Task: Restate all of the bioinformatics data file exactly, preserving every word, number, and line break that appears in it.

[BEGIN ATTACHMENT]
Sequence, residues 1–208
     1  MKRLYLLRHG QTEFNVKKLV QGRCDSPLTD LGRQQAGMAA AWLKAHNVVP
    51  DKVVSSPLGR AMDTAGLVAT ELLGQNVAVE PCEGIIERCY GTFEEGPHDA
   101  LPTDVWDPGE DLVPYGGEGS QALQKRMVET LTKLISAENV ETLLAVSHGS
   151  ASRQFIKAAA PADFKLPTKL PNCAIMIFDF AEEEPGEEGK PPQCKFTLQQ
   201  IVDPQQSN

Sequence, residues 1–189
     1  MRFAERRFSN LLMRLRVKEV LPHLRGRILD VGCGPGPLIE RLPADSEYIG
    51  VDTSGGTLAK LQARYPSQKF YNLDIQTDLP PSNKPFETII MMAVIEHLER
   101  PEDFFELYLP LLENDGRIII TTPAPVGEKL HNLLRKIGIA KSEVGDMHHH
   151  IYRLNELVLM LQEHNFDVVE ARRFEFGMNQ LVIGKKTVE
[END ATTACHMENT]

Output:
Sequence, residues 1–208
     1  MKRLYLLRHG QTEFNVKKLV QGRCDSPLTD LGRQQAGMAA AWLKAHNVVP
    51  DKVVSSPLGR AMDTAGLVAT ELLGQNVAVE PCEGIIERCY GTFEEGPHDA
   101  LPTDVWDPGE DLVPYGGEGS QALQKRMVET LTKLISAENV ETLLAVSHGS
   151  ASRQFIKAAA PADFKLPTKL PNCAIMIFDF AEEEPGEEGK PPQCKFTLQQ
   201  IVDPQQSN

Sequence, residues 1–189
     1  MRFAERRFSN LLMRLRVKEV LPHLRGRILD VGCGPGPLIE RLPADSEYIG
    51  VDTSGGTLAK LQARYPSQKF YNLDIQTDLP PSNKPFETII MMAVIEHLER
   101  PEDFFELYLP LLENDGRIII TTPAPVGEKL HNLLRKIGIA KSEVGDMHHH
   151  IYRLNELVLM LQEHNFDVVE ARRFEFGMNQ LVIGKKTVE